Looks like a Joel McCrea binge is in the works; I’ve just watched five of his 1950s westerns and really enjoyed them all. Thoughts on the first three:
Frenchie (1950) is an enjoyable alternate universe version of Destry Rides Again, where the title character (Shelley Winters) returns to her hometown of Bottleneck and opens a fancy casino. When she was a little girl, her father was murdered by Paul Kelly and his mystery partner. Frenchie’s search for that man’s identity and her quest for revenge put her at odds with Sheriff Tom Banning (McCrea), who’s already cleaned up the town and doesn’t appreciate her snooping, her intentions, or her busy new gambling establishment. Banning stays close, watching and whittling and warning Frenchie, in the form of stories that all begin with “I once knew a man…” But Banning can’t keep the peace or stop the inevitable violence, and it’s complicated by an old love triangle and conflict with the anti-gambling townspeople, so that he ends up a wrongly accused fugitive from a lynch mob. Frenchie’s friend and mentor The Countess (Elsa Lanchester) encourages the young lady’s spunk and ambition but draws the line at shooting, John Russell is good as Frenchie’s loyal but hotheaded right-hand man, and Marie Windsor plays Banning’s old girlfriend, now married to the banker threatening to close down Frenchie’s casino. Conflict and misunderstanding includes a fun Winters-Windsor brawl, and speaking of Windsor, one odd scene is worth mentioning. When she confesses to killing her husband, she keeps her back turned to the the camera; it looked like something added or repaired in post, and deflated a good moment.
In Cattle Drive (1951), spoiled little Chester Graham, Jr. (Dean Stockwell) terrorizes everyone on the train that his father (Leon Ames) is taking out West to finalize a big business deal. When he goofs off too long off at a water stop, Chester gets left behind and after some wandering is picked up by cowboys on a cattle drive. “Chet” as they call him, becomes a responsible and caring young man, thanks to the lessons he learns from tough-love mentor Dan (McCrea), jolly cook Dallas (Chill Wills), competitive and snarky Currie (Henry Brandon) and others (including Bob Steele). Loved this coming-of-age, fish-out-of-water story that breaks down the bratty know-it-all’s ego, and builds up his character through hard work and physical trials, stinging scoldings and the new-to-him experience of facing the consequences of cheating and various other disasters caused by his disobedience. The subplot, of Dan chasing his retirement dream in the form of a wild stallion he calls Midnight, nicely mirrors, marks and emphasizes “Chet’s” growth. Midnight is the reason the boy first shows some honour, when he defends Dan against insults from Currie, around the horse he learns kindness and sense, and catching Midnight is the common goal that proves Chet has become Dan’s valued and earnest companion. Nice touch when McCrea shows off a picture of his girl and it’s Frances Dee, and nice touching twist at the end when Ames, admitting his failings as a distant widowed father, adapts to take part in his boy’s enriching new interests and reclaim his role as father figure.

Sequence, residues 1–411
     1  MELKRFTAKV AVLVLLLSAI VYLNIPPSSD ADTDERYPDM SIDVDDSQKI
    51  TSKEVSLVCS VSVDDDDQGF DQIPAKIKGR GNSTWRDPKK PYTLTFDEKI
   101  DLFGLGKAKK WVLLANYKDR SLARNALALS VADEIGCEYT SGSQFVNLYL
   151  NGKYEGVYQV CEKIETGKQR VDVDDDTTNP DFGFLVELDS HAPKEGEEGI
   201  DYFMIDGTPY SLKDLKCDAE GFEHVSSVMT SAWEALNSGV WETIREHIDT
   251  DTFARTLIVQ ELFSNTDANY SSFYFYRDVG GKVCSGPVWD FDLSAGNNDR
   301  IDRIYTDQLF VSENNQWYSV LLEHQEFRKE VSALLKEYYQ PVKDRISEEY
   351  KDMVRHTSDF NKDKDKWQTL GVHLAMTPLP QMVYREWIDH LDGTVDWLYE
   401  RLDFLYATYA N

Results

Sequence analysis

The Lone Hand (1953) is another coming-of-age tale, this time with McCrea as the poor widowed father, Zachary, who arrives with his son Joshua (Jimmy Hunt) to a new town to try his hand at farming. Income and success are hard to come by, and the area is also plagued by crime thanks to a gang that includes James Arness and Alex Nicol. Father and son eke out a living, make friends, and Zach remarries, to Sarah Jane (Barbara Hale). Little Joshua is disillusioned when his father inexplicably keeps silent about a murder on their land, but he’s downright devastated when a desperate, penniless Zack joins the outlaw gang. Joshua grows more betrayed and confused as he loses both his beloved role model and his new step-mom, when her suspicions cause the couple’s split. In this role, McCrea nicely combines his usual noble, caring qualities with a startling cruelty. He seems mean, defensive and troubled by his choices and the alienating effect they’re having on his son, but the big plot twist is that he’s lying to protect the boy from the truth of his real identity and mission in that community. Beautiful Colorado scenery, action that includes a chase and fall by a gorge, surprise reveal of the evil mastermind, nice mistaken identity surprise involving Arness, another good villain turn by Nicol, and a bonus cute doggie.